The bill therefore allows defences for other purposes to be specified by order. Ministers have made it clear that they will use this power to provide exceptions to the ban on sale for legitimate religious, cultural and sporting purposes, including highland dancing, theatre, film, television, antique collecting, re-enactment and living history, fencing and those martial arts that are organised on a recognised sporting basis. However, although the commitment to providing exceptions for legitimate purposes is set out clearly in the policy memorandum and elsewhere, it does not feature in the bill itself. Amendment 8 therefore sets out in the bill the purposes for which the Executive intends that exceptions will be made. As I said, the additions to the existing defences under section 141, and other modifications of those powers in respect of swords, will address the issue of the legitimate use of swords.

          The amendment reinforces the commitment that the Executive made in the policy memorandum to make exceptions for legitimate religious, cultural and sporting purposes. I urge the committee to support the amendment.

          I move amendment 8.

        • The Convener:
          The minister is using powers that are retained by ministers to create these exemptions. If in the future someone came up with a purpose that could be deemed to be reasonable, could they apply directly to the minister of the day to seek an exemption for that purpose?

        • Johann Lamont:
          The advice that I am given is that the bill also provides for people to be able to make an application for exception. We are trying to respond to the anxieties that those who perceive legitimate uses for swords and so on expressed while, at the same time, not making the policy on the sale of weapons vulnerable.

        • Maureen Macmillan (Highlands and Islands) (Lab):
          Probably I should know the answer to this question, but are we doing the same for knives? I am thinking in particular about sgian dubhs. Will they be excluded from the scope of the bill?

        • Johann Lamont:
          My understanding is that that will be defined as a reasonable defence for possession. The defence would be that the purpose was cultural.

        • Maureen Macmillan:
          That is fine.

        • Amendment 8 agreed to.

        • Section 46, as amended, agreed to.

        • After section 46

        • The Convener:
          Amendment 9, in the name of the minister, is in a group on its own.

        • Johann Lamont:
          Amendment 9 raises the age of sale for crossbows from 17 to 18, which brings it into line with the age limit for the sale of non-domestic knives. Although—thankfully—crossbows are not currently seen as a problem in relation to violent crime in Scotland, there is a risk that the increase in the age limit for the sale of non-domestic knives to 18 would result in crossbows being regarded as more readily available, in which case they might be increasingly used in violent crime.

          Amendment 9 replicates for Scotland section 44 of the Violent Crime Reduction Act 2006, which amended the Crossbows Act 1987 for England and Wales by raising the age at which a person may be sold or hired a crossbow from 17 to 18. I urge the committee to support the amendment.

          I move amendment 9.

        • Amendment 9 agreed to.

        • The Convener:
          Amendment 10, in the name of the minister, is in a group on its own.

        • Johann Lamont:
          At stage 1, the committee considered the issue of weapons in prisons. We agree that possession of a weapon in prison should be a criminal offence. I am therefore happy to meet, through amendment 10, the commitment that the Executive made in its response to the committee's stage 1 report. At present, a prisoner who is found with a weapon in the confines of prison is not subject to the same provisions that members of the public at large are subject to. Although possession of a weapon is an offence under prison rules, governors have limited powers to punish prisoners for it. The police and procurators fiscal cannot bring criminal charges for possession of a weapon, although they may of course do so if the weapon was used and a minor or serious assault occurred.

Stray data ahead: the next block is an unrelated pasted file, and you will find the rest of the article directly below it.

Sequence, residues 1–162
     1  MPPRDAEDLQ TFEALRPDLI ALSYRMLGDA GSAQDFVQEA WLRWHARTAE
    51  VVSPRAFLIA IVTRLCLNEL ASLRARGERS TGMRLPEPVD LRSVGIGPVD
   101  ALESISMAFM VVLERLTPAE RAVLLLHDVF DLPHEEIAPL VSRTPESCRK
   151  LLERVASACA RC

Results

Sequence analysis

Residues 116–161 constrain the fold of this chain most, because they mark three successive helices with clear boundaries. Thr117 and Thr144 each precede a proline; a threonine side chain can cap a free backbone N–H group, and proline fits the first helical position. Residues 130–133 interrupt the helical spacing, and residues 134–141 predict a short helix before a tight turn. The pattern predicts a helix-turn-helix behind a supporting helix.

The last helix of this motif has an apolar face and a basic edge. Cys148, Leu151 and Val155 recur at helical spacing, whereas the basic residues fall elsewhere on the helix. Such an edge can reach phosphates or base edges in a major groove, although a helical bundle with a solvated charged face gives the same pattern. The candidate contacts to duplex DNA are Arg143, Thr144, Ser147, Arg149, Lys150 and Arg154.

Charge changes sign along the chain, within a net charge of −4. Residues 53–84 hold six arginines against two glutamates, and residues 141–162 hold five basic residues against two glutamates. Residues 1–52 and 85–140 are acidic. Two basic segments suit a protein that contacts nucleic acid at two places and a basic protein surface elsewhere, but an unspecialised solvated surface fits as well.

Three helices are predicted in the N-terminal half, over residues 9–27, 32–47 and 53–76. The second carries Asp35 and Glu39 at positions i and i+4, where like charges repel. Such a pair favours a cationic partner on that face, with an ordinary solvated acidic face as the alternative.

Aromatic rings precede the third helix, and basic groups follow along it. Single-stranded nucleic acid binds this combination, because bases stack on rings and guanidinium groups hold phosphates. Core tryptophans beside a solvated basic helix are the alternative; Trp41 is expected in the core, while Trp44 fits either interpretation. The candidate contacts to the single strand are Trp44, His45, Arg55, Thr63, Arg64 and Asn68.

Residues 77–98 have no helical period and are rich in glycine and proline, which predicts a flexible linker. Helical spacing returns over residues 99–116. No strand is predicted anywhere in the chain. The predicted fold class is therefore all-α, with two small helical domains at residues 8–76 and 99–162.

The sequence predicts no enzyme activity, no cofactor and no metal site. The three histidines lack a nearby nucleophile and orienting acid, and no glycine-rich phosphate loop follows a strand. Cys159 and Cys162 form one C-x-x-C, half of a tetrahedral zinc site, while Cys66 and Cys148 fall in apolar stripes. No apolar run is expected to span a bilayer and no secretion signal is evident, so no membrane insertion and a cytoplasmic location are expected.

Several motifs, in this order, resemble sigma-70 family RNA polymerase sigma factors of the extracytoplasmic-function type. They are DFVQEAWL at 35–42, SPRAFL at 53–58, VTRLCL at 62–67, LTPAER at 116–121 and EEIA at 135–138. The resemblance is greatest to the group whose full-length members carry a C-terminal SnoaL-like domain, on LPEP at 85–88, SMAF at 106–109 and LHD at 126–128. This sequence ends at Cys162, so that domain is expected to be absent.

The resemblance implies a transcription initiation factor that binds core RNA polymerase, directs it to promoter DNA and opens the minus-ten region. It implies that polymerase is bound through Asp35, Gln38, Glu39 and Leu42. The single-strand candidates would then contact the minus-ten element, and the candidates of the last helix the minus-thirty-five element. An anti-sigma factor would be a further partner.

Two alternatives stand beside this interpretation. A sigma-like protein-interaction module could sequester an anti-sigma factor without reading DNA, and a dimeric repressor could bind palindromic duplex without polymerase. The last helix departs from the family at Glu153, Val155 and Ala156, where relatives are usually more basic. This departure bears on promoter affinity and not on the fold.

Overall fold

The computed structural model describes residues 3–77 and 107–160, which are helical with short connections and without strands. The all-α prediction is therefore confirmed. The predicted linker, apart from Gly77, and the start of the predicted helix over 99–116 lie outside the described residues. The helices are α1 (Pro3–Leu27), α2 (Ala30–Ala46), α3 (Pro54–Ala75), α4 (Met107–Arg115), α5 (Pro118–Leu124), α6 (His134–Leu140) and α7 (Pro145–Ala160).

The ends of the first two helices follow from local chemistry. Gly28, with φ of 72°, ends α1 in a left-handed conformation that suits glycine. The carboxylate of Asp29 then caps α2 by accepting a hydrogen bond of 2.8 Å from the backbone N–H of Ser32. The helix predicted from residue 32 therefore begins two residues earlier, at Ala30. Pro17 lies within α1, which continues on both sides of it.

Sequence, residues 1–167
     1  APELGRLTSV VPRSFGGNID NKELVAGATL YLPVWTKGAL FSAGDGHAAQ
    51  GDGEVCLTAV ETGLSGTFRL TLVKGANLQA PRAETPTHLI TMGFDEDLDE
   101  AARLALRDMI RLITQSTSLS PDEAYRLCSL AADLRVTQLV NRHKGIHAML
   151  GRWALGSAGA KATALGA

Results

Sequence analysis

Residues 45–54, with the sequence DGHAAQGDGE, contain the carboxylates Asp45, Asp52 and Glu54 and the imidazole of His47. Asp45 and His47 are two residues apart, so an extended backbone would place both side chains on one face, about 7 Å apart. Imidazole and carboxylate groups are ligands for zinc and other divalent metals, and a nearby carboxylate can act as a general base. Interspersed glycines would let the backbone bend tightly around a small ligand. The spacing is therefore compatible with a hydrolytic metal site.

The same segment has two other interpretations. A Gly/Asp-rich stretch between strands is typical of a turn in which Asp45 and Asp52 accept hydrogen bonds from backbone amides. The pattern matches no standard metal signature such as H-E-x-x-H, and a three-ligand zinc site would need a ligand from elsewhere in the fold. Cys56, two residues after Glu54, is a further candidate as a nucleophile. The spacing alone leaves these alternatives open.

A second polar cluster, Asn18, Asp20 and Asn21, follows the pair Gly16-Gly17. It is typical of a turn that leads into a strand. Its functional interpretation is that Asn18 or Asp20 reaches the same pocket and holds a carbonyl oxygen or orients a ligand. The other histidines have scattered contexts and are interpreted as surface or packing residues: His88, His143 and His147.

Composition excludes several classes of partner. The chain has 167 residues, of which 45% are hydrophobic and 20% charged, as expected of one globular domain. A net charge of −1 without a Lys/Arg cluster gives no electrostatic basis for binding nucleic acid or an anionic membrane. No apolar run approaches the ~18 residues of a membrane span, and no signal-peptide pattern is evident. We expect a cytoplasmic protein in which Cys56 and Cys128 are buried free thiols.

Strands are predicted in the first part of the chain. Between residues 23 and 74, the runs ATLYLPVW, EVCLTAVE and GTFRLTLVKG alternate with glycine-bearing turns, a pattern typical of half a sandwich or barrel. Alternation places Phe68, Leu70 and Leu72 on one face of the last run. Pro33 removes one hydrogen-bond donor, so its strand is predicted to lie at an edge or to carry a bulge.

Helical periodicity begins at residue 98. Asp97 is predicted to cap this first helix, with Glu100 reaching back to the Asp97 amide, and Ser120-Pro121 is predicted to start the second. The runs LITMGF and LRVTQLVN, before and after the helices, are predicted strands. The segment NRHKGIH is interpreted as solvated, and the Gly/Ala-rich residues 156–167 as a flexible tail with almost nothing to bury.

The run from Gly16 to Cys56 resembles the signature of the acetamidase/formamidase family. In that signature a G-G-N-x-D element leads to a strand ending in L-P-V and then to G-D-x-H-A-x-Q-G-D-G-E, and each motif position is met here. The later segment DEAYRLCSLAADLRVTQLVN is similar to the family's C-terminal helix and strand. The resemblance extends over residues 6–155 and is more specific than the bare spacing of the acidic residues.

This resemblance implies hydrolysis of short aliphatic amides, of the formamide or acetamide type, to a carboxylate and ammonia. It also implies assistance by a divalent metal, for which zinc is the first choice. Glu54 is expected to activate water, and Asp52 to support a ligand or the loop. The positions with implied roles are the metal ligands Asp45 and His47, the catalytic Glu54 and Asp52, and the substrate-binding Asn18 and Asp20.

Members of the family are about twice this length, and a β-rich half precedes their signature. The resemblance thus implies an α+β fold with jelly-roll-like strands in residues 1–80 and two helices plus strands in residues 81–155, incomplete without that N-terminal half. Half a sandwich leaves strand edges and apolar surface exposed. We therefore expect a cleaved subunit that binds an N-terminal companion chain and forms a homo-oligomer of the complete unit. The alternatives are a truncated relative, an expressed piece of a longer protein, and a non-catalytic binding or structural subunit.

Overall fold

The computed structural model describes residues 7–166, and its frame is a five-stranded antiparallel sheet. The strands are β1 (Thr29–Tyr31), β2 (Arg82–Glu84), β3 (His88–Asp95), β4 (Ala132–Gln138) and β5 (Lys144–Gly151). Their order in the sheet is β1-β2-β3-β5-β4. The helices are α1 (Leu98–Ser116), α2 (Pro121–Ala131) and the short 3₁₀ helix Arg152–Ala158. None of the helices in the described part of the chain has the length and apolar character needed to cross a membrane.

The committee may recollect from evidence that the approach in amendment 10 was welcomed by the Prison Officers Association. In 2005-06, 182 incidents that involved weapons were recorded in the Scottish Prison Service, 38 of which involved lock-back knives. That is clearly unacceptable. Amendment 10 will add a new section to the bill that will amend the Criminal Law (Consolidation) (Scotland) Act 1995 to make it an offence to possess a weapon in prison. I urge the committee to support the amendment.

          I move amendment 10.

        • The Convener:
          I seek clarification on proposed new section 49C(3) of the Criminal Law (Consolidation) (Scotland) Act 1995, which lays out defences. The first defence is that the person had the item "for use at work", which, one assumes, is to cover situations that might arise in a controlled workshop. The second is that the person had the item "for religious reasons". Am I right that that would be for a religious ceremony, again in a controlled environment? The third defence is that the item was

          "part of any national costume".

          Will you detail when somebody in prison is likely to be given permission to wear a full national costume?

        • Johann Lamont:
          The amendment replicates the defences for possession of a weapon in a public place although, notably, the defence of the item being a penknife is excluded, so the defences are tighter. The legal advice is that those defences should be included to ensure that the offence of possession of a weapon in prison is reasonable. Personally, I cannot imagine a set of circumstances in which a prisoner could wear national costume but, given that the advice is that the defence is necessary, I am working on the assumption that that may be a possibility.